European Outlook: Stock markets moved higher in Asia overnight, as oil recovered some of its recent losses and amid better than expected trade data out of Japan, which underpinned global growth optimism. U.S. stock futures are also moving higher, U.K. stock futures continue to underperform and remain in the red as ongoing Sterling strength weighs on the index. Elsewhere in Europe stock markets already moved higher yesterday and are likely to join the global stock rebound, which is likely to keep upward pressure on core European yields. Gilt futures have been underperforming in tandem with the FTSE 100 in recent days and in the Eurozone spreads are coming in, as policy markets indicate that its too early for a change in central bank policy thus laying the ground for a steady hand policy decision next week. French markets remain jittery ahead of Sunday’s election, which is turning into a four-way race. Today’s calendar is quiet. Germany has PPI inflation at the start of the session, the Eurozone releases construction output data and there is supply from Spain and France.
German PPI inflation steady at 3.1% y/y in March, unchanged from the previous month. Energy prices dropped over the month in March and contributed to a large extend to the steady headline rate. Excluding energy, however, PPI accelerated markedly to 2.6% y/y from 2.2% y/y in the previous month and versus just 0.6% y/y in December. Clearly underlying inflation pressures are making a comeback, and more so in Germany than in some other parts of the Eurozone and while it is clear that the majority at the ECB doesn’t want to remove the insurance policy against geo-political risks and the flaring up of the debt crisis yet, the discussion about tapering and a gradual removal of the ECB’s policy support won’t go away.
Fed’s Beige Book repeated the economy rose at a modest to moderate pace, as is the usual characterization. Manufacturing grew at a modest to moderate clip, as did employment, though the labor market remains tight. Modest wage increases broadened, and there were bigger increases for skilled workers. Prices rose modestly with input prices generally outpacing gains in selling prices. Consumer spending was varied, with stronger auto sales somewhat offset by softer non-auto retail spending. Residential construction spending accelerated somewhat, even as home sales slowed, partly on a lack of inventory. Nonresidential construction remained strong, but became more mixed in some regions. The report surely keeps the Fed in play, but there’s no urgency for a hike next month, especially given some uncertainties noted over fiscal policy.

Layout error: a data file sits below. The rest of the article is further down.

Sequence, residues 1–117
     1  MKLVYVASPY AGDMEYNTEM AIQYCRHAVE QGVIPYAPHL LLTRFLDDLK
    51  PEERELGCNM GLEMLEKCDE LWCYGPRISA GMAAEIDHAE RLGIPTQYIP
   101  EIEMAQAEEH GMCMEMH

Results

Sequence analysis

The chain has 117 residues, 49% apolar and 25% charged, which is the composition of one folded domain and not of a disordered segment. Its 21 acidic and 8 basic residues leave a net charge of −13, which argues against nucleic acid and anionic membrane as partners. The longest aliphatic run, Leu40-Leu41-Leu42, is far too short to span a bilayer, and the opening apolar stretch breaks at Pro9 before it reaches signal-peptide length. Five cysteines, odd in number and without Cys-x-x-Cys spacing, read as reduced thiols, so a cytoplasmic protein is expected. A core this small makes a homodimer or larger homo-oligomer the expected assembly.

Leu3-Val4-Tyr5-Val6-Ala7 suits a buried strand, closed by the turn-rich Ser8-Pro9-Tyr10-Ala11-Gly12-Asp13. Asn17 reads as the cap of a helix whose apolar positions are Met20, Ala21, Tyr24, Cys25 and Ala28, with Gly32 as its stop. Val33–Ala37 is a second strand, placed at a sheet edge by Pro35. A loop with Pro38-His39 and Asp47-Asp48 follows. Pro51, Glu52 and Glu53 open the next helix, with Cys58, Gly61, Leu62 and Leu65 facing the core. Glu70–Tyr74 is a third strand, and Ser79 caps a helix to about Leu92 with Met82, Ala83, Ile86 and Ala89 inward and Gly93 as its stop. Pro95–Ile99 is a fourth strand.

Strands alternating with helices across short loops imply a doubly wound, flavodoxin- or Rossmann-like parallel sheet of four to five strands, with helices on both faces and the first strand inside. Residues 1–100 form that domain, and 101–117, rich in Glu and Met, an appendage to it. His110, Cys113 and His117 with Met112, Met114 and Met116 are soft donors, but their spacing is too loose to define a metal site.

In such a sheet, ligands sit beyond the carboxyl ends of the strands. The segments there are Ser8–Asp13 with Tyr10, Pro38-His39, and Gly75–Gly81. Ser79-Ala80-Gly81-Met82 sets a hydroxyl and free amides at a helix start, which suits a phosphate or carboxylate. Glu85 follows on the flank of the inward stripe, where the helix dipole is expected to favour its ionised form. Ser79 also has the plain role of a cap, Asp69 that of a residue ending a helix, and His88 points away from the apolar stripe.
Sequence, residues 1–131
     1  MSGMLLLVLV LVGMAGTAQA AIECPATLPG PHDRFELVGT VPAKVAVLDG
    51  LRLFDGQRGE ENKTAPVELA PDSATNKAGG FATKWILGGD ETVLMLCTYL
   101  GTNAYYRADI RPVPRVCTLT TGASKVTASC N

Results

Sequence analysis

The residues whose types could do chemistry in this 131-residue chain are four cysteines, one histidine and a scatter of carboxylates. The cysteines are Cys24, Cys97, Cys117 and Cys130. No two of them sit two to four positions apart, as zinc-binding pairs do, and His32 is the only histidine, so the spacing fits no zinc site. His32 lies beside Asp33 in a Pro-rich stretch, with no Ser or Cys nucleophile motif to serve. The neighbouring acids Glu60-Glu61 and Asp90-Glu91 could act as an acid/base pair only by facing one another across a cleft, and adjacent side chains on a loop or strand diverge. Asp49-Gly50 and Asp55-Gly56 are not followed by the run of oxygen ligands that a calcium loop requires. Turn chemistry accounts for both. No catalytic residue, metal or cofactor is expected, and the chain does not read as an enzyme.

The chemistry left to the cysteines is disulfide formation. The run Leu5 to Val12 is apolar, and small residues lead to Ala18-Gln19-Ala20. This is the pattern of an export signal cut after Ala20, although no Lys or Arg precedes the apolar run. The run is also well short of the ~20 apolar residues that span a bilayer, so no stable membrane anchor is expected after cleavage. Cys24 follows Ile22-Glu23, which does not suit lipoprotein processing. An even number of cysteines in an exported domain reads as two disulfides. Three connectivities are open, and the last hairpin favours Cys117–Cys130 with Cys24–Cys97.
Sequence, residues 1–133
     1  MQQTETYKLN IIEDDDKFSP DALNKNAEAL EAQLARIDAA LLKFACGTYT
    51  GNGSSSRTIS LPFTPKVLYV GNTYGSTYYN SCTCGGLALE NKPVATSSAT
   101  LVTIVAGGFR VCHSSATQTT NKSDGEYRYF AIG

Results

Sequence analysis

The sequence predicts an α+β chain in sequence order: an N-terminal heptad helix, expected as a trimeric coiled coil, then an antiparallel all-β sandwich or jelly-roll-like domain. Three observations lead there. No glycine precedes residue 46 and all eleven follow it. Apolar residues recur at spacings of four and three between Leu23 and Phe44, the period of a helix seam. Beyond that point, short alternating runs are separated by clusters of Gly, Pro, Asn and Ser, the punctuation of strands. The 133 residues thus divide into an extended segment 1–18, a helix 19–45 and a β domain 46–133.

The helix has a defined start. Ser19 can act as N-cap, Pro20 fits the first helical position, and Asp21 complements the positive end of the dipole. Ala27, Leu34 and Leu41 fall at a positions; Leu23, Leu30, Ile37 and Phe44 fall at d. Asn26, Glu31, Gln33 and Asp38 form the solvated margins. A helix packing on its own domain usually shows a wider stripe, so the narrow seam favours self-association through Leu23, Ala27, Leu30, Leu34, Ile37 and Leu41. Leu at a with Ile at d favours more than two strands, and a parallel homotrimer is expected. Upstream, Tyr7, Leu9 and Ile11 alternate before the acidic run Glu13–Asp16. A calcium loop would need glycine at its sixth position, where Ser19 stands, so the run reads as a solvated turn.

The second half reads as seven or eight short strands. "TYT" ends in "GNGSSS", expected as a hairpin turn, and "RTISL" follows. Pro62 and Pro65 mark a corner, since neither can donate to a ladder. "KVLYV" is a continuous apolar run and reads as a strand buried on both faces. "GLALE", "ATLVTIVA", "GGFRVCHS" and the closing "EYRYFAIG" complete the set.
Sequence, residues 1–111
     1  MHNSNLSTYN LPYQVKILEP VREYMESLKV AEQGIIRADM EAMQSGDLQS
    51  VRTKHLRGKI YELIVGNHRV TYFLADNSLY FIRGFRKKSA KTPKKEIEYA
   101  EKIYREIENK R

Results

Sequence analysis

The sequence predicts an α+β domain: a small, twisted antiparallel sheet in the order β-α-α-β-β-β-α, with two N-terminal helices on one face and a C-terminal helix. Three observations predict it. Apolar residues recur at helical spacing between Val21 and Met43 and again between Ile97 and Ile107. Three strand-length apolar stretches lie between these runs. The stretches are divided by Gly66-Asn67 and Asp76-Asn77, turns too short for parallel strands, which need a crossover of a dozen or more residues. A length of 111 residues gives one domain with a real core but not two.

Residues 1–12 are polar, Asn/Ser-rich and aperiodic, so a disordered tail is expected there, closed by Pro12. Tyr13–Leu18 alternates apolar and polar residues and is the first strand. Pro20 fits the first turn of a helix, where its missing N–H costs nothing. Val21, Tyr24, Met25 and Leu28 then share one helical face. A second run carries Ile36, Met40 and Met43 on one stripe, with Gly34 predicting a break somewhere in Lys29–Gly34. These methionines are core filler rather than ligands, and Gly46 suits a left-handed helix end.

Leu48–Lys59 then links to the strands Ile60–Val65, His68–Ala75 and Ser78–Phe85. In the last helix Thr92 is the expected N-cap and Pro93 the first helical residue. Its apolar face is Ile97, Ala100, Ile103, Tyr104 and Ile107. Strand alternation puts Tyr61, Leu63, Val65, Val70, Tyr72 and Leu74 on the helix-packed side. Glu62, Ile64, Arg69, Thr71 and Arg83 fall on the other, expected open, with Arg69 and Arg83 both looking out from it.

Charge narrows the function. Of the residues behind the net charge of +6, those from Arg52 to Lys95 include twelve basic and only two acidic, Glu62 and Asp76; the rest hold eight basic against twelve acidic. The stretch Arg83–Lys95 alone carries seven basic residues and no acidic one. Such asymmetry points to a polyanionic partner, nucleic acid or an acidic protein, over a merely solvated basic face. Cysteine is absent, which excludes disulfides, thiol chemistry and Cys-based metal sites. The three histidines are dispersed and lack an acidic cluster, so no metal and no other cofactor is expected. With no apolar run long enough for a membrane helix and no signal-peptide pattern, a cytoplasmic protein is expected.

The UK parliament voted in favour of the June 8 election, a formality that had been widely anticipated following the prime minister’s calling of it. The vote was 522 to 13. The pound was consolidating gains since Tuesday, following the PM’s call for a snap election. The thinking in markets is that the Tory Party would likely win a much a bigger majority than present, if polls are to be believed, which would give the Prime Minister much more flexibility in upcoming negotiations with the EU. May will also have three years clear after actual Brexit in 2019 before having to hold a general election, which pundits reckon will also give her much greater leeway in forming a possible transitional trade agreement with the EU.
Main Macro Events Today
- U.S. Initial Jobless Claims – Claims data for the week of April 15 are out today and should post an increase to 240k from 234k last week and 235k the week prior. Claims continue to remain remarkably tight.
- U.S. Philly Fed Index – The April Philly Fed expected to decline to 25.0 from 32.8 in March and 43.3 in February. The Empire State is already out and posted a decline to 5.2 from 16.4 in March.
- BOE Gov. Carney – BOE Gov. Carney speech starts at 12:30 GMT at the Institute of International Finance Policy Summit, in Washington DC.
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